PDF | The fact remains that clear thinking requires an effort and doesn't always come naturally. But one can get better at it if one is willing to. Introduction to Logic and Critical Thinking by Matthew J. Van Cleave is . text but have come across this textbook in PDF format, please do not hesitate to. Read this book. PDF .. This is a review of Introduction to Logic and Critical Thinking, an open source book version by Matthew Van Cleave. The comparison.
|Language:||English, Spanish, Japanese|
|Genre:||Academic & Education|
|Distribution:||Free* [*Register to download]|
Logic and Critical Thinking. Fall Course Description: Critical thinking is the study of reasoning and argumentation. It includes Other relevant readings will be posted in PDF Wednesday, 12 Sept – Course Introduction No Reading. 2. Notes on Logic and Critical Thinking. Clark Wolf. Iowa State University [email protected] medical-site.info Part I: Introduction to Arguments. “Logic gives great promise. Salmon, M. H. INTRODUCTION TO LOGIC AND. CRITICAL THINKING, 5th Edition. Thomson. Wadworth. Page 2. Page 3. Page 4. Page 5. Page 6. Page 7.
My students have trouble understanding readings in the New York Times, so it is nice to see a logic and critical thinking text use real language that students can understand and follow without the constant need of a dictionary.
This textbook covers enough topics for a first-year course on logic and critical thinking. Chapter 1 covers the basics as in any standard textbook in this area. Chapter 2 covers propositional logic and categorical logic. In propositional logic, In propositional logic, this textbook does not cover suppositional arguments, such as conditional proof and reductio ad absurdum.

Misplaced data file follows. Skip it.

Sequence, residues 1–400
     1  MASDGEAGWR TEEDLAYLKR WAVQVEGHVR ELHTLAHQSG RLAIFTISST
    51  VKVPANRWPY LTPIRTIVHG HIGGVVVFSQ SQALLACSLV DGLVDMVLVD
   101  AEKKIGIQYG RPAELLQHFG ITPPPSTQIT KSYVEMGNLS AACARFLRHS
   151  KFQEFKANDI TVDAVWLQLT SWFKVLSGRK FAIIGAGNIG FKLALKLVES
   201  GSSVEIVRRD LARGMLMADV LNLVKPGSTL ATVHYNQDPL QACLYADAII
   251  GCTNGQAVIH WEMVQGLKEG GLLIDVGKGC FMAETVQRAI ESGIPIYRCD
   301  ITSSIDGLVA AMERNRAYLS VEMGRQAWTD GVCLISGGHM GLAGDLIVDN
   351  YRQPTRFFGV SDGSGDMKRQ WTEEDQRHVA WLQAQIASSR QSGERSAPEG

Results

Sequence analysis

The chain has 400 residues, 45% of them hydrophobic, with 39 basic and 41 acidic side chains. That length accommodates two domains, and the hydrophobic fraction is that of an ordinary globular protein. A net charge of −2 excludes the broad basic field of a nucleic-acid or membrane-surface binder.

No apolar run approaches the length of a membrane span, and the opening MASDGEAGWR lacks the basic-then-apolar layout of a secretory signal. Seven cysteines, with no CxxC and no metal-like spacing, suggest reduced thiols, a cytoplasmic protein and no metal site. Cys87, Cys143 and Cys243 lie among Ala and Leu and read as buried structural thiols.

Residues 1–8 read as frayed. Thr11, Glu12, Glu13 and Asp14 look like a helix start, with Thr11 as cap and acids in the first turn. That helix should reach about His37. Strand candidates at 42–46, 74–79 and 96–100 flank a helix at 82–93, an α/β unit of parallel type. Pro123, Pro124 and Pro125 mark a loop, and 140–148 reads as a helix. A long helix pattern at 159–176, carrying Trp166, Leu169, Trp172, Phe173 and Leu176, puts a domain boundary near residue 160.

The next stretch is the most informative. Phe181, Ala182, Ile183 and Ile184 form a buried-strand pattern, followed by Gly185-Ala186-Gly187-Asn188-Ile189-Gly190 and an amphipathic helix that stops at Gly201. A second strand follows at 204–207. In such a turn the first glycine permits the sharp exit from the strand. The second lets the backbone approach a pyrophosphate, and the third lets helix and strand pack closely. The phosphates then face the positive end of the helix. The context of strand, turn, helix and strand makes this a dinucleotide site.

But other standard argument forms are covered. Chapter 3 covers inductive logic, and here this textbook introduces probability and its relationship with cognitive biases, which are rarely discussed in other textbooks.
Chapter 4 introduces common informal fallacies. The answers to all the exercises are given at the end. However, the last set of exercises is in Chapter 3, Section 5. There are no exercises in the rest of the chapter.
Chapter 4 has no exercises either. There is index, but no glossary. The textbook is fairly modular. For example, Chapter 3, together with a few sections from Chapter 1, can be used as a short introduction to inductive logic. This textbook is quite thorough--there are conversational explanations of argument structure and logic. I think students will be happy with the conversational style this author employs. Also, there are many examples and exercises using current Also, there are many examples and exercises using current events, funny scenarios, or other interesting ways to evaluate argument structure and validity.
The third section, which deals with logical fallacies, is very clear and comprehensive. My only critique of the material included in the book is that the middle section may be a bit dense and math-oriented for learners who appreciate the more informal, informative style of the first and third section.